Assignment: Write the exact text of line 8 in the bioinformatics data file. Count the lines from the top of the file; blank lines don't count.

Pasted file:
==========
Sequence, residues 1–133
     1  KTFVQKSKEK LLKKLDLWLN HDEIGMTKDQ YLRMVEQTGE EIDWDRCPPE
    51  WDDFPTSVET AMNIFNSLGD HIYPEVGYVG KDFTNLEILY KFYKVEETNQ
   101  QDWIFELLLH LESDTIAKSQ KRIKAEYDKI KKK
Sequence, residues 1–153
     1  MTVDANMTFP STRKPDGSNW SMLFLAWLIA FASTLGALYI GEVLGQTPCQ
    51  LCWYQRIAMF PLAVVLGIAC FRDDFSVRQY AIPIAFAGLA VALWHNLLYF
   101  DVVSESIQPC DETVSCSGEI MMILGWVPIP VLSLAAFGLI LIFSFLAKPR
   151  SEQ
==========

   101  DVVSESIQPC DETVSCSGEI MMILGWVPIP VLSLAAFGLI LIFSFLAKPR